The finale to Marvel’s Dead No More: The Clone Conspiracy is now in stores — or is it? Yes, the event that began with Before Dead No More has technically ended, but there are so many questions left unanswered that readers will now be forced to buy Clone Conspiracy Omega #1 for some semblance of closure.

Months ago I jokingly predicted that Marvel would come up with After Dead No More and Dead No More — No More, and it looks like readers will essentially get just that because “Omega” sounds edgy and cool…but I digress.

Anyway, the one question that fans of The Amazing Spider-Man should ask themselves right now is this: Was it worth it?

Was DNM: CC worth turning ASM proper into supplementary reading material? Was it worth creatively monopolizing the tie-in books? Was it worth digging up the memories of the original Clone Saga? Was it worth the sheer amount of effort expended by Marvel to try and convince people to care about “reanimates” as much as the original characters?

I would definitively say the answer is “no.”

Check out my latest review, and then make sure to head on over to Whatever A Spider Can to read Mike McNulty’s take. He always does great work, and this time it provided me with a much needed assist for a YouTube review of DNM: CC #5.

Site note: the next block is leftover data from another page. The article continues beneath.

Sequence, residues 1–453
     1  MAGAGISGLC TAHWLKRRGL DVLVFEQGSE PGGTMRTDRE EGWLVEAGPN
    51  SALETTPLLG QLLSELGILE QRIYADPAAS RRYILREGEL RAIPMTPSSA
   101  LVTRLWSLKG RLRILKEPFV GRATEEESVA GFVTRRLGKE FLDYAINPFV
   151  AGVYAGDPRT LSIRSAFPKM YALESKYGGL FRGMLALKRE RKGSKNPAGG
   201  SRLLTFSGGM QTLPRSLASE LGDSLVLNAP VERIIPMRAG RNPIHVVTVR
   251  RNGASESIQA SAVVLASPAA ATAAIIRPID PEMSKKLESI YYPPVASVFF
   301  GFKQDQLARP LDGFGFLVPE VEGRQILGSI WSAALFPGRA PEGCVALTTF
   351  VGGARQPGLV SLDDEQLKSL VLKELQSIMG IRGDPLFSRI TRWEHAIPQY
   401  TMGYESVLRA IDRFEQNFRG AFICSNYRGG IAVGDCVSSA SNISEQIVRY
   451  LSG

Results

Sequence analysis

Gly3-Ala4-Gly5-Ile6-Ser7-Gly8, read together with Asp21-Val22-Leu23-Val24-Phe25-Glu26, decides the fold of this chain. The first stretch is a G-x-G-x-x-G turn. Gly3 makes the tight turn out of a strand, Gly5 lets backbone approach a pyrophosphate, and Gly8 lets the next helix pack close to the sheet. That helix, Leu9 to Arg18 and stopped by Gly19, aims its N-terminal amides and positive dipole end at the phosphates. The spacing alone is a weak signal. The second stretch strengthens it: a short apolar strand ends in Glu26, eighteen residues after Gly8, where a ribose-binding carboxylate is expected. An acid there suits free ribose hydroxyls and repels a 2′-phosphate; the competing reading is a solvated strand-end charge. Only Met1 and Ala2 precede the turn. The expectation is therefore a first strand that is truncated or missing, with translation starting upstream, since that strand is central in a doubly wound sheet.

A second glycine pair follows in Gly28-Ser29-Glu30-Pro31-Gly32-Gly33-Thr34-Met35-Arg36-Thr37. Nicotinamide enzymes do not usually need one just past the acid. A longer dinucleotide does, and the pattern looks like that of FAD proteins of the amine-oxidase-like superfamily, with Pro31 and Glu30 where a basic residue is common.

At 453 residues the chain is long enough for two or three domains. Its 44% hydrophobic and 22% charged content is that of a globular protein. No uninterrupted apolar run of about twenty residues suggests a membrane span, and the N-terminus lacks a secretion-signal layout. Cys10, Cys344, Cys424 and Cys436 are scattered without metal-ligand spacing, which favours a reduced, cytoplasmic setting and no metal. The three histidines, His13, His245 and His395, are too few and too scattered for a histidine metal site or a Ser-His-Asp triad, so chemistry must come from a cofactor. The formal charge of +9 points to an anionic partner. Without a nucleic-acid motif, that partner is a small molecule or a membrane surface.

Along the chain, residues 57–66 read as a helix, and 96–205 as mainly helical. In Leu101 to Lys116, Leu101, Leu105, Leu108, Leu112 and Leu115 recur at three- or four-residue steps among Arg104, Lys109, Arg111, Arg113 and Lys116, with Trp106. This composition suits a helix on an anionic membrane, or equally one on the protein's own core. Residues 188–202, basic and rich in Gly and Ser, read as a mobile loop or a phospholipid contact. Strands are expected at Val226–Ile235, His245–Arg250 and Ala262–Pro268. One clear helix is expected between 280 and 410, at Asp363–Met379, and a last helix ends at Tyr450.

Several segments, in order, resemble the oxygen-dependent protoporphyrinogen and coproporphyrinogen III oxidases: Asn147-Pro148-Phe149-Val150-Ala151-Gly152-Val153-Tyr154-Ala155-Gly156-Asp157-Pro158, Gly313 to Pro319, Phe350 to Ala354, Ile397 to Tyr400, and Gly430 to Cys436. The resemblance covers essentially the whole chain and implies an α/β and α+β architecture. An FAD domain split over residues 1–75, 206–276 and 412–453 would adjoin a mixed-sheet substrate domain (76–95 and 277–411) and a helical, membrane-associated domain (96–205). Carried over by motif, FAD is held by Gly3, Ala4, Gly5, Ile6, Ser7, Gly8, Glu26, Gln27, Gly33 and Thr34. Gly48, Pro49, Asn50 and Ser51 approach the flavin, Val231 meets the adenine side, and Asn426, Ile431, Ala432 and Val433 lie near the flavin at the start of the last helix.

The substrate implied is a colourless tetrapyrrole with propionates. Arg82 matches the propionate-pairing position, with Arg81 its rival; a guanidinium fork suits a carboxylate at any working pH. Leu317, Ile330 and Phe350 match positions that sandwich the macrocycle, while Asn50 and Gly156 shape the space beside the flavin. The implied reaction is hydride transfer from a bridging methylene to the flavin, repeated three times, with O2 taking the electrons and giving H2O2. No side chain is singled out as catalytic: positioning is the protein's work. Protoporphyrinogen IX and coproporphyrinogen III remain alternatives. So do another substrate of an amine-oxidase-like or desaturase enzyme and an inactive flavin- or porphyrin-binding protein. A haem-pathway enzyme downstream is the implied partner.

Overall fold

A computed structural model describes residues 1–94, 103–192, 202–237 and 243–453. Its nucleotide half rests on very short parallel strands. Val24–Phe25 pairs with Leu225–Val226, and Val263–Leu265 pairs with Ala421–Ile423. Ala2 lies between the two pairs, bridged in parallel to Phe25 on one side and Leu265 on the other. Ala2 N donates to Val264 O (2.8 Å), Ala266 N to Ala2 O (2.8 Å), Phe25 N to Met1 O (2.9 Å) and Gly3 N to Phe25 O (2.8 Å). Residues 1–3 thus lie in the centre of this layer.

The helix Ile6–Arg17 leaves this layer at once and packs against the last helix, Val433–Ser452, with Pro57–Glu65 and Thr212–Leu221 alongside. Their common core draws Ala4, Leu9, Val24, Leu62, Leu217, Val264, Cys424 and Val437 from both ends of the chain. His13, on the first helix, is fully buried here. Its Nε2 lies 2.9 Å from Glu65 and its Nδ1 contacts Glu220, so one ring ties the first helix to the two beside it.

As always, I look forward to your thoughts in the comments sections below.

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About the Author Douglas Ernst

I'm a former Army guy who believes success comes through hard work, honesty, optimism, and perseverance. I believe seeing yourself as a victim creates a self-fulfilling prophecy. I believe in God. I'm a USC Trojan with an MA in Political Science from American University.

15 comments

  1. I have to say, I am astounded by Dan Slott’s ability to write a story more convoluted, nonsensical and pointless than the 90’s clone Saga in a significantly shorter length of time. Truly impressive.

    Just a few thoughts:

    1. Why can’t Gwen Stacy just be a tragic figure in Peter’s history? It is OK to have characters who die in horrible, tragic or even embarrassing ways. It’s OK to have a character who is a victim and never makes peace with that fact because they are dead and gone, but another character like Peter can avenge her and get justice. With Spider-Gwen, Gwenpool, Gwen’s identical goblin daughter and Gwen Clone #483B, I think we have enough symbolic representations of Gwen getting some sort of justice or closure for herself.

    2. For the ending- while coming up with a technical and clever solution fits Peter, it still is just basically Spider-Man on a computer while the Jackal and Doc Ock have the actual epic battle.